Estate Planning: Wills & Trusts

Estate planning is the creation of a definite plan for managing your assets while you are alive and for administering and distributing them after your death.  Through the use of Wills (basic & complex), Trusts, Powers of Attorney (financial and health care), beneficiary designations for life insurance and retirement plans, family limited partnerships and limited liability companies, charitable gifting strategies, and other appropriate planning techniques we assist clients to safeguard their wealth for themselves and future generations and to minimize expenses and taxes on their estates.

With a properly drafted Last Will and Testament you can identify who will have the authority to handle the administration of your estate following your death, appoint a successor guardian for any minor or incapacitated children, and direct how your estate will be distributed following your estate whether it be outright to designated “devisees” or in trust for the benefit of designated beneficiaries.  Without a properly drafted Last Will and Testament, such matters could be determined by state law or court discretion.

Revocable and irrevocable Trusts can serve a wide variety of purposes in the formulation of an effective estate plan.  Properly funded revocable living trusts can help provide a vehicle for the management of your assets if you become incapacitated during life and for avoiding the necessity of probate following your death.  Our estate planning attorneys can give you the straight facts about the advantages and disadvantages of such trusts and available alternatives to them.  Irrevocable marital trusts and/or credit shelter trusts can be beneficial in the second-marriage situation and to help substantially reduce or eliminate estate taxes.

Having your assets remain in trust following your death to be administered and distributed by a trustee of your selection for the benefit of your beneficiaries can help protect your assets in situations where you have young, financially irresponsible, or incapacitated beneficiaries or beneficiaries with creditor problems.  It can also help you establish a family or charitable legacy benefitting future generations and charities of your selection or creation.  A wide variety of other irrevocable trusts such as irrevocable life insurance trusts, personal residence trusts, charitable remainder trusts, and grantor retained annuity trusts can help reduce the potentially devastating impact of estate and gift taxes on large estates.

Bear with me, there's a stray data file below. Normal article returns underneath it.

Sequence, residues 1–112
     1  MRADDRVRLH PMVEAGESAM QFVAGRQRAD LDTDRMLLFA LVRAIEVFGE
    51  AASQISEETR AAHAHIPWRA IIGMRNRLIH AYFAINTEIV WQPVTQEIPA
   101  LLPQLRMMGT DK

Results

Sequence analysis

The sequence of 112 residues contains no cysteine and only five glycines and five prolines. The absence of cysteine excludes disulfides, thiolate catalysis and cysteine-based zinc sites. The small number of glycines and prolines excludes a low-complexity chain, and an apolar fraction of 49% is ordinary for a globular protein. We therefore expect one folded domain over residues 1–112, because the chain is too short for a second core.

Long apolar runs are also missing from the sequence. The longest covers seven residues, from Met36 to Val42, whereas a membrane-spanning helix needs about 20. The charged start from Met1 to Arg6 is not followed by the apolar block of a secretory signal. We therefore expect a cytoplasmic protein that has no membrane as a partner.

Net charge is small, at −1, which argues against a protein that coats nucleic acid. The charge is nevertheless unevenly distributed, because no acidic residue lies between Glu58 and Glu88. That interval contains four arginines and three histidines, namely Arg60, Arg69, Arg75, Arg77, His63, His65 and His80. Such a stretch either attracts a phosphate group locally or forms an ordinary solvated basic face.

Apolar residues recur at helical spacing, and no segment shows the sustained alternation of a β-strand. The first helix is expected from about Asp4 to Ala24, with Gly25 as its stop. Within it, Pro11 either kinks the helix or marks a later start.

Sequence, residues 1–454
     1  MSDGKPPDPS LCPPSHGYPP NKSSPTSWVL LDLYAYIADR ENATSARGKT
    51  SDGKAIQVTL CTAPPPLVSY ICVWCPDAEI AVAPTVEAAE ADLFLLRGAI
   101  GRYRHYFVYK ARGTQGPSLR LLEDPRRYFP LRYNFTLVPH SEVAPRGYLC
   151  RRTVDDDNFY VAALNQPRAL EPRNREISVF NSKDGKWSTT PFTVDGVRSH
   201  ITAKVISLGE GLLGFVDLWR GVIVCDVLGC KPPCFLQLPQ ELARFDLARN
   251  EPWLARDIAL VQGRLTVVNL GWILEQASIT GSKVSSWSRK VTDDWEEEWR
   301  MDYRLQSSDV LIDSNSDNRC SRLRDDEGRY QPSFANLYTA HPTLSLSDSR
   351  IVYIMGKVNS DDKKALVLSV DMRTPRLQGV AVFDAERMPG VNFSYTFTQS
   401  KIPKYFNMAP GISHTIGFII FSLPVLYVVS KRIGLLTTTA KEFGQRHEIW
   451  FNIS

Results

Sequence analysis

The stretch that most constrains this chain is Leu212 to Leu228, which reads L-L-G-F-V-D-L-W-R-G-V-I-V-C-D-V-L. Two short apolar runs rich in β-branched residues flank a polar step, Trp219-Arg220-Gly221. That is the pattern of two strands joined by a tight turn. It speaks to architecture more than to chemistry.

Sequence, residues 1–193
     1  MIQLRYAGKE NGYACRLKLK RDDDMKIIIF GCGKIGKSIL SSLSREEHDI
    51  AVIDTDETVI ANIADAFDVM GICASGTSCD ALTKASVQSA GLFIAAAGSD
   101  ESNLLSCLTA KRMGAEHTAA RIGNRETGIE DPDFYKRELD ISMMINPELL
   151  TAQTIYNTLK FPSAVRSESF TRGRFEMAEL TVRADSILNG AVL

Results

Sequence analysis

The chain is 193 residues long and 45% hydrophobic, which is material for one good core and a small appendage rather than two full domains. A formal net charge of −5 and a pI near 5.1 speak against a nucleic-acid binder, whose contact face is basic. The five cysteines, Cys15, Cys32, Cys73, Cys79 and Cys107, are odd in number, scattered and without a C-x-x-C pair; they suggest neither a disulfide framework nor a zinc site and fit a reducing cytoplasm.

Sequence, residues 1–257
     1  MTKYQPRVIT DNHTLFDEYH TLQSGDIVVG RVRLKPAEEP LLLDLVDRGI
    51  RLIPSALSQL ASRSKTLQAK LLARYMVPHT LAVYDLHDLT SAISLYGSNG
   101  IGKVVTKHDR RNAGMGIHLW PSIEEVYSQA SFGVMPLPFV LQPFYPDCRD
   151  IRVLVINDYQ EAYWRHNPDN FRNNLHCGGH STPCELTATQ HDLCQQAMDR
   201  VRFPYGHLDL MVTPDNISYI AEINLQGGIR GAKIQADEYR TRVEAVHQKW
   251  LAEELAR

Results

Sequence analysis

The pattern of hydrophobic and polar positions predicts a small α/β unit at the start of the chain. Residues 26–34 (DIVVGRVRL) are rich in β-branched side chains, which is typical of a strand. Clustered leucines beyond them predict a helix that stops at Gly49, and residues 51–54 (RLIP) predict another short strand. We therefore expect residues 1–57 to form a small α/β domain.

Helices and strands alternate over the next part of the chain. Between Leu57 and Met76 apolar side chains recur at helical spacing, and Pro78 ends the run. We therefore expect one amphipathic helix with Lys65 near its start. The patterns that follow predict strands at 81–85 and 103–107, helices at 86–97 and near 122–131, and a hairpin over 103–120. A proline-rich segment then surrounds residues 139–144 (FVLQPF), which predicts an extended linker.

In addition to planning for the administration and distribution of your assets following your death, successful estate planning also involves the development of a financial plan for the management and use of your assets during your lifetime.  This includes: planning for potential incapacity with durable powers of attorney for financial and health care decisions and the formation of revocable living trusts in appropriate situations; advice regarding the legal and tax aspects of joint ownership of property; and the potential benefit of making gifts.